Excerpted from Patch By Noah Manskar

Uber is double-checking its workforce. The ride-hailing giant is making its New York City drivers go through a second background check if they want to continue picking up passengers.

Tens of thousands of Big Apple drivers will have to go through the criminal background check Uber runs on its workers elsewhere in the United States in addition to a screening they already get from the city’s Taxi and Limousine Commission, the company says.

Drivers will be asked through their Uber app to provide their Social Security numbers and consent to the free screening in the coming weeks, the company told them in a Friday email. Any drivers who do not agree to the check will have their account put on hold because it is an “eligibility requirement” to use the app, the message says.

The move is a safety measure that will also ensure all of Uber’s workers across the country get the same screening, even though there’s an additional level of security in the city, according to the company.

“There is nothing more critical than the safety of our riders,” Uber spokesperson Alix Anfang said in a statement. “In New York City, we have relied on our regulator to screen drivers but, in order to ensure we have visibility into the process and to add a level of consistency, NYC drivers will soon also go through the criminal background check process applied to all of our US drivers.”

Uber describes its process as a multi-jurisdictional screening that checks against national databases and gives notifications for new offenses. The company says it runs a check once every year for drivers who are signed up.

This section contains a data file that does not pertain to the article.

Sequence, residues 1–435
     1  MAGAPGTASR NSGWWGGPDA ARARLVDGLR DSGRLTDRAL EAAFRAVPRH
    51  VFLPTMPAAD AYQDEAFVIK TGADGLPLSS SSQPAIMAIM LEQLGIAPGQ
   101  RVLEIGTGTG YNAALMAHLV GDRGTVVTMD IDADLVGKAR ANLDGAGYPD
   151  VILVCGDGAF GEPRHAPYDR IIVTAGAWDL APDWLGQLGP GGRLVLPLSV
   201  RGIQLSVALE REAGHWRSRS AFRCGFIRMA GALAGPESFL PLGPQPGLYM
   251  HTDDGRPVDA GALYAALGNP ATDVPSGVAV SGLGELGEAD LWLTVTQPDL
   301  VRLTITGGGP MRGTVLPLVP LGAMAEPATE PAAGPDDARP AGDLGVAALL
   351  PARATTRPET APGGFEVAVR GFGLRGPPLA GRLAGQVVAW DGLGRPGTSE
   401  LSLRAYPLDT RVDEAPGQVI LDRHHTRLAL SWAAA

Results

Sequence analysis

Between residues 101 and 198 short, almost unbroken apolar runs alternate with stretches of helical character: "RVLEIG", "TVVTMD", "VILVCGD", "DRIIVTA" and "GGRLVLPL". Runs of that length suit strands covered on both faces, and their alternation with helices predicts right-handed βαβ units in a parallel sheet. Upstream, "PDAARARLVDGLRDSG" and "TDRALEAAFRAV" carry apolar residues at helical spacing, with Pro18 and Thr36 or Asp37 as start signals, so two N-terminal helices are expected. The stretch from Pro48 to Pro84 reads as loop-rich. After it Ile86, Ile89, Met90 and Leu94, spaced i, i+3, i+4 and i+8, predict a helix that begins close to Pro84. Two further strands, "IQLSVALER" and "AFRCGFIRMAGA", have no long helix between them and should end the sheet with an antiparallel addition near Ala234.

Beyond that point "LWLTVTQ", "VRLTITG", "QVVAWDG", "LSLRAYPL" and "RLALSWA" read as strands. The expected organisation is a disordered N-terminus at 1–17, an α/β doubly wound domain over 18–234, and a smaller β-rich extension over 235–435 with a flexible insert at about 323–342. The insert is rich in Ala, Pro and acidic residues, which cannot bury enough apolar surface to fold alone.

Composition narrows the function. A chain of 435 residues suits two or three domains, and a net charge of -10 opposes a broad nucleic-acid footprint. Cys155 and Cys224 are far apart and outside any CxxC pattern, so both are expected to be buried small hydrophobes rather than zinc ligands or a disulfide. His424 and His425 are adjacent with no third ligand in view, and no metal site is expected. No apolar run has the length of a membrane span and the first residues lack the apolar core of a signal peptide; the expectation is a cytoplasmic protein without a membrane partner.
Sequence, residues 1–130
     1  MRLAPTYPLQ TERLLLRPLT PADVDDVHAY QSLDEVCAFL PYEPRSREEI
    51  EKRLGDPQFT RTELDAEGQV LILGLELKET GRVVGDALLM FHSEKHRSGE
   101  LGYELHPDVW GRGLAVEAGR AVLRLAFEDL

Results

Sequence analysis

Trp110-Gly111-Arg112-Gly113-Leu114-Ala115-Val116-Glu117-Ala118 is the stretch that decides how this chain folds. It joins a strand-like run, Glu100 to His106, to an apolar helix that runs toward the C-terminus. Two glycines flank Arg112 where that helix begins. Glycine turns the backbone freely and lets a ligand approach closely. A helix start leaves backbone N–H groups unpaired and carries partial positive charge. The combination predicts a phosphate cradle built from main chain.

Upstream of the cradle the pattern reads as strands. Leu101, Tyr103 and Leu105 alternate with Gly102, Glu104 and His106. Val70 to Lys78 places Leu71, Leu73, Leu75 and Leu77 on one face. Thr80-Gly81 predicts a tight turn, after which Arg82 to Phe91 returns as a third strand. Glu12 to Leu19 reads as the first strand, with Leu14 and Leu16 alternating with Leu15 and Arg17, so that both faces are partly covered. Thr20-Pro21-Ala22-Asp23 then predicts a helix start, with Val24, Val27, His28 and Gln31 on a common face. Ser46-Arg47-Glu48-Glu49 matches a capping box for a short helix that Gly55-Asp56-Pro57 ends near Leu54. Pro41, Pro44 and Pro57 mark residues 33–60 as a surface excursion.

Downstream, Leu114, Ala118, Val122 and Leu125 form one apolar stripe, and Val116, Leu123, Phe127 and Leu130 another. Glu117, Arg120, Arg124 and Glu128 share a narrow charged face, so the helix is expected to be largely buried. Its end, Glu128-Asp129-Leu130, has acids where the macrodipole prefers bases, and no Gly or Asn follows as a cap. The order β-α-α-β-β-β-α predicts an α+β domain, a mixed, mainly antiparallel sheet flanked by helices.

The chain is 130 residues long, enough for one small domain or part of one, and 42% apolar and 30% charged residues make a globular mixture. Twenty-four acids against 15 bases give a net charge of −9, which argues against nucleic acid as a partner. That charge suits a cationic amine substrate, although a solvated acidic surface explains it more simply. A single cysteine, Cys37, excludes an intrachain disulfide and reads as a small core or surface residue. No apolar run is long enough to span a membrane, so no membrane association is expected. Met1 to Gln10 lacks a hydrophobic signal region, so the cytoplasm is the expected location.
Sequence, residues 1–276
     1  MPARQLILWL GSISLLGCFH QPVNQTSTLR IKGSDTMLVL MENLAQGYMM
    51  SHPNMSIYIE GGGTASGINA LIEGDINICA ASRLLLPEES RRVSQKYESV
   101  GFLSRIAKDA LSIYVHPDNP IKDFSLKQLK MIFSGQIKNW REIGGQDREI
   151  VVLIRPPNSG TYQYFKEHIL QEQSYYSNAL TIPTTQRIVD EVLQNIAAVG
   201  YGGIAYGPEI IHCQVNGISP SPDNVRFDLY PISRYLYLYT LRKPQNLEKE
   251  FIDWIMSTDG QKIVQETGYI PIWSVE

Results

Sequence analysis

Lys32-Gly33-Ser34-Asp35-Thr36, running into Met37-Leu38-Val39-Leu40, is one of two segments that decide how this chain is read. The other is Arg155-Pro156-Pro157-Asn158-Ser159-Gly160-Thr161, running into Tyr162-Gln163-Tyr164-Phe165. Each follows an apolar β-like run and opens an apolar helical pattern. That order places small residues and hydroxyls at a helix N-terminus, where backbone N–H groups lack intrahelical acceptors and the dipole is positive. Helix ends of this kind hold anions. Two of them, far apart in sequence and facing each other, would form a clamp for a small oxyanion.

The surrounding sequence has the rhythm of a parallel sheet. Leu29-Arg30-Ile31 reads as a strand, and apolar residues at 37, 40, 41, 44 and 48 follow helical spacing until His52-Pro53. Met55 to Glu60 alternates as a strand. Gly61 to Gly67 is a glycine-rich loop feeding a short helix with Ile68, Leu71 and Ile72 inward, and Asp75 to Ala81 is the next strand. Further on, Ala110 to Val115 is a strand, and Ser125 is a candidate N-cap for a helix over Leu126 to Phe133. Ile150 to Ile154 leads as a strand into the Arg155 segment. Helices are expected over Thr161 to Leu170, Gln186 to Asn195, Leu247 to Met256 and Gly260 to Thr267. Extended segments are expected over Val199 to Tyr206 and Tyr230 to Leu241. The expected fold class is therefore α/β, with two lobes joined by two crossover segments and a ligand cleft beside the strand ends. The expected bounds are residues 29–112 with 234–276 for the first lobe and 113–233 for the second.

Drivers can still drive while their background check is completed, and those who do not pass should be notified within the next few weeks, according to Uber.

Uber drivers already must go through the TLC’s screening process. The commission uses a fingerprint-based background check, which agency spokesperson Allan Fromberg called “the gold standard.”

The process also includes a drug test, a defensive-driving course, a 24-hour driver education course and a TLC exam, said commission spokesperson Rebecca Harshbarger. And drivers can’t have more than five points on their licenses within a 15-month period or owe any fines to the TLC or the Department of Motor Vehicles, she said.

“(T)he TLC does a very stringent review for all TLC-licensed driver applicants, which includes taxi, app drivers, and car service drivers,” Harshbarger said in an email. “… We monitor drivers’ records on a 24-hour a day, 7 day a week basis though the New York State Division of Criminal Justice Services.”

Uber cast the additional background checks as its next step to bolster safety for those who use its service. The firm has already rolled out an emergency button that lets riders call 911 from the Uber app and a 24-hour safety support service. Riders and drivers can report safety issues at any hour, the company says.

But the Independent Drivers Guild, a labor group representing more than 70,000 app-based drivers in the city, says Uber could do more to keep its workers safe as they’re already subjected to the nation’s toughest licensing and background checks.

“We wish Uber would make the same kind of commitment to driver safety, by providing funds for drivers to obtain dash cameras and by requiring riders to use their real names and photos in the app so that drivers can be sure they are picking up the right person,” guild spokesperson Moira Muntz said in a statement.